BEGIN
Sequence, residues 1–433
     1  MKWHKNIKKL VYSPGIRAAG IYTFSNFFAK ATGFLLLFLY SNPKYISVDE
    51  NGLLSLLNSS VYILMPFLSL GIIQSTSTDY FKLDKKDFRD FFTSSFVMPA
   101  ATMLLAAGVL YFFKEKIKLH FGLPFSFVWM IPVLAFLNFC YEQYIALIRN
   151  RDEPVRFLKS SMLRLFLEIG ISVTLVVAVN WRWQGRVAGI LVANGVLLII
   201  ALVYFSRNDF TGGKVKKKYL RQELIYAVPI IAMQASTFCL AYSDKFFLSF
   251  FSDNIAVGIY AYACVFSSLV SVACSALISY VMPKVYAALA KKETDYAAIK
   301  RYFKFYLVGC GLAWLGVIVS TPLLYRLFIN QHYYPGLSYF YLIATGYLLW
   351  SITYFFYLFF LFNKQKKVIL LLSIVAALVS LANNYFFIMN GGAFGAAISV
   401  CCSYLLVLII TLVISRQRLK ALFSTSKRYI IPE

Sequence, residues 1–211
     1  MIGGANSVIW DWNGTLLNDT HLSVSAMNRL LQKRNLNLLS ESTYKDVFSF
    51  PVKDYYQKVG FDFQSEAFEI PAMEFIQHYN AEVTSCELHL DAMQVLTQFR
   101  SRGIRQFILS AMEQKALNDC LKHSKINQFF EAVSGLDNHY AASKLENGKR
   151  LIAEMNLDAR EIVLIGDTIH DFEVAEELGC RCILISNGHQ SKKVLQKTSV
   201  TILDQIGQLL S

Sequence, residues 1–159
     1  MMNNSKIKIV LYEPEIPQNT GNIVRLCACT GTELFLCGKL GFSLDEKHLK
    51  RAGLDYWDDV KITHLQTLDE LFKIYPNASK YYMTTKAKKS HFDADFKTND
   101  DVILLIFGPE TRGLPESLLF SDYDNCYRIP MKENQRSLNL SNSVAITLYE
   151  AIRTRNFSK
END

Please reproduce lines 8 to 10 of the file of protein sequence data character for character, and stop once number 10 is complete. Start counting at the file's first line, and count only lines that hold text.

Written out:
   301  RYFKFYLVGC GLAWLGVIVS TPLLYRLFIN QHYYPGLSYF YLIATGYLLW
   351  SITYFFYLFF LFNKQKKVIL LLSIVAALVS LANNYFFIMN GGAFGAAISV
   401  CCSYLLVLII TLVISRQRLK ALFSTSKRYI IPE